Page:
At other times he is more self-assured. 'This is the school for artists in France, correct?'. Morgan's brisk interrogation tells us all we need to know - and all we'll get to know - about L'Académie des beaux-arts. I wish I could write this badly so well. 

Although there are seemingly limitless company resources available, Morgan is never happier then when chasing baddies on foot and having moments of supernatural intuition. Alternate chapters cut between his first-person narrative and third person accounts of the bad guys (Major Sauvage and Captain Mfune, two French soldiers who are behind the AB-16 campaign). Morgan doesn't know the names of these two so he calls them respectively 'Whitey' and 'Big Nose'.

We are in a Paris made legible for American readers by a process of rigorous demystification - a city with sidewalks not trottoirs, and a handful of iconic locations. Morgan's surprising familiarity with French-set Broadway musicals (Les Miserables, The Phantom of the Opera) also gives the reader a prompt, but most of what happens might just as well take place in Manchester, Detroit or Bucharest.  

At moments of exposition Morgan's employee and sidekick Louis Langlois speaks fluent Wikipedian, as when he introduces Morgan to the Institut de France:

'On a practical level, the institute oversees about ten thousand different foundations concerned with everything from French historical sites to museums and castles,' Louis said. 'The five academies within the institute were formed back in the days of Louis XIV, and designed to preserve and celebrate the French culture, language , arts, sciences , and our systems of law and politics, The members represent the best of France, and must be voted in.'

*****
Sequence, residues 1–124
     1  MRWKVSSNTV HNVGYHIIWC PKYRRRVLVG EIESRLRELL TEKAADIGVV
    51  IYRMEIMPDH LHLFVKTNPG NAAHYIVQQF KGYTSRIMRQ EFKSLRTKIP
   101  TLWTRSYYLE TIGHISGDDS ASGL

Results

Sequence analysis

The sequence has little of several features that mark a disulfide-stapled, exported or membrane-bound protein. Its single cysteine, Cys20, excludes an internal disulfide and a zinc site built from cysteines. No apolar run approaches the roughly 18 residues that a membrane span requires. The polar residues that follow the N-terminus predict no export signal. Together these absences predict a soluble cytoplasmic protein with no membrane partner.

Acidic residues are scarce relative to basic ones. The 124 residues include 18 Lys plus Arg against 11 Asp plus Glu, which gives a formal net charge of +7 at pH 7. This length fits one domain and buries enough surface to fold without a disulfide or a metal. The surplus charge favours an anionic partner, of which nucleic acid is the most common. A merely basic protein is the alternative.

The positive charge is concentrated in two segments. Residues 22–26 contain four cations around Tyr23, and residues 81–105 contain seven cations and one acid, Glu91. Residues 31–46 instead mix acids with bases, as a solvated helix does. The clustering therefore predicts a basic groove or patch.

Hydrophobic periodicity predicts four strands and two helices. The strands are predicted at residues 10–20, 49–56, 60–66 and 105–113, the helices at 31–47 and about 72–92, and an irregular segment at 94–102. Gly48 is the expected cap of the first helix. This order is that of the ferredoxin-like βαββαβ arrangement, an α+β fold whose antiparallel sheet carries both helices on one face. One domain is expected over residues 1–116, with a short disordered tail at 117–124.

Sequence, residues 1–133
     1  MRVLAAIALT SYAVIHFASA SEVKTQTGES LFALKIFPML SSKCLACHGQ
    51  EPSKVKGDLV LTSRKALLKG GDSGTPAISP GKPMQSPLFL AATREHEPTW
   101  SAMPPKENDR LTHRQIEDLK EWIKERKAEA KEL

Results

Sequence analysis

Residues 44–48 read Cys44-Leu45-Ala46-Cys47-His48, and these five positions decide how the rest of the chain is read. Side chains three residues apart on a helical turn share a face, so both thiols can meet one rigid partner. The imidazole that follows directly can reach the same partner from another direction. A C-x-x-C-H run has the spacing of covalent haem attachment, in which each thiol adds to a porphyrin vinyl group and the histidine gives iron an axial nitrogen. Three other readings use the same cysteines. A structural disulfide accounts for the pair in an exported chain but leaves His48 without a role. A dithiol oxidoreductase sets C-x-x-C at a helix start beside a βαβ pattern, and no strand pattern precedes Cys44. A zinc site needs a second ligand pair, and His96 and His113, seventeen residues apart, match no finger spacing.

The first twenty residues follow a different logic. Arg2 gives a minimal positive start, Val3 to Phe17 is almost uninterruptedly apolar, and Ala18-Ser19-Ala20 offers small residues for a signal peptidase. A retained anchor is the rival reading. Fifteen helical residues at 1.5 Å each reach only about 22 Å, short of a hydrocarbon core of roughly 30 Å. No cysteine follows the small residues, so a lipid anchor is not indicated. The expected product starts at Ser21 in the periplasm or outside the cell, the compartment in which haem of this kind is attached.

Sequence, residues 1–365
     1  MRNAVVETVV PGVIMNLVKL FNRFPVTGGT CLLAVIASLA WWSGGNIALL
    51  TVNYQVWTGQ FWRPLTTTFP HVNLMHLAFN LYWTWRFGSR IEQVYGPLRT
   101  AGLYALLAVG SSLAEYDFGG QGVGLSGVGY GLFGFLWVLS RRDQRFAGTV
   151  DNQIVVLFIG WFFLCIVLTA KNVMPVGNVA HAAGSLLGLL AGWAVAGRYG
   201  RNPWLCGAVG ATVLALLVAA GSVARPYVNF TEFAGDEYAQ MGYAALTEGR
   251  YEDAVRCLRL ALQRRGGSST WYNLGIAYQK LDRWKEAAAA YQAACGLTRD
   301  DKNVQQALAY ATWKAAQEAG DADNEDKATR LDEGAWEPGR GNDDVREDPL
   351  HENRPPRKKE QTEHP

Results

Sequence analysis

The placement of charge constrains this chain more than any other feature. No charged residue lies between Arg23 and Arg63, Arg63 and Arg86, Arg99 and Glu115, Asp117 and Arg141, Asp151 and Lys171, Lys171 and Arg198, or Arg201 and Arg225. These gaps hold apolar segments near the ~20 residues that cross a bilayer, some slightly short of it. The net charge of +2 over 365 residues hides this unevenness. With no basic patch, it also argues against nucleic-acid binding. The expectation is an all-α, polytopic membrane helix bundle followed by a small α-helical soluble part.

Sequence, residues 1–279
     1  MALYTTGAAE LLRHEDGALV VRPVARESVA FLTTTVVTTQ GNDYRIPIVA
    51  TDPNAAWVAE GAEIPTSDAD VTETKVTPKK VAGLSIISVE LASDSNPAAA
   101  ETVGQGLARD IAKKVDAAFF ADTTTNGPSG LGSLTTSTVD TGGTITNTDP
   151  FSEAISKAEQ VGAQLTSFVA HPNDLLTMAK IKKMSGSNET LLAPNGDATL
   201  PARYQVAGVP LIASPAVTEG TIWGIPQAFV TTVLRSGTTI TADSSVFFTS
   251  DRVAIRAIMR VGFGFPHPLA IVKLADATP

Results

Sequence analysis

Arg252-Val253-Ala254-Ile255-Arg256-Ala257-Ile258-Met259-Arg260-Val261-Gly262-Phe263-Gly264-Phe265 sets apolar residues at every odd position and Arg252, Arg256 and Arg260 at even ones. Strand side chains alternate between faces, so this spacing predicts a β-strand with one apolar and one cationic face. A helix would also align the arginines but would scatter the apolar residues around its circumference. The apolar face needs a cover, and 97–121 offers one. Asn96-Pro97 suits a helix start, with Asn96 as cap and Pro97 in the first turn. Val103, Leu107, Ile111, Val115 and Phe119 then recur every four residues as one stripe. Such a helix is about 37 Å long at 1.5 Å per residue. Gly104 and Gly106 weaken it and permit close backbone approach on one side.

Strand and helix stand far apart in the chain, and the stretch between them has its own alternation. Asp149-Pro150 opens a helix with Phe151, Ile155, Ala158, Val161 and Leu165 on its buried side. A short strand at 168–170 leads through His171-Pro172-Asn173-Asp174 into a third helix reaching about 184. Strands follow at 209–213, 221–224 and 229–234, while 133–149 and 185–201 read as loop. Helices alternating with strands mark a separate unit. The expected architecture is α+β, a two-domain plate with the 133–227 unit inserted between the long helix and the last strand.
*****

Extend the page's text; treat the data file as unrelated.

Here's the original Wikipedia entry, by way of comparison:

The Institut de France […] is a French learned society, grouping five académies, the most famous of which is the Académie française. The Institute, located in Paris, manages approximately 1,000 foundations, as well as museums and châteaux open for visit. 

Patterson, or Mason, or perhaps Langlois himself, subtly increases the number of foundations managed by the Institute by a factor of ten - those European republics with their centralised governments and spendthrift socialist economies! 

But enough already. Private Paris cannot be criticised as a novel because it really isn't a novel at all. It's a verbal storyboard for a film - or rather 'a major motion picture'. It's a relentlessly linear, painstakingly chronological narrative, with most chapters given a precise location and time of day (MONTFERMEIL, EASTERN SUBURBS OF PARIS, 10 P.M.). The action consists largely  of breathless chases punctuated by lurid murders, shoot-outs, snatched naps, shaving, showers (lots and lots of showers) and litres of coffee. Between showers the continuity is perfunctory, the twists and turns preposterous. Nothing makes any sense, and nobody involved - including the Parisian police, especially the Parisian police - seems to have the faintest understanding of anything procedural. Langlois (never more than a device) has an unlimited cohort of specialists on tap who (devices all) keep things bowling along. When he injures his knee he admits, almost bashfully: 'I have an old friend, Megam, who specialises in knees'.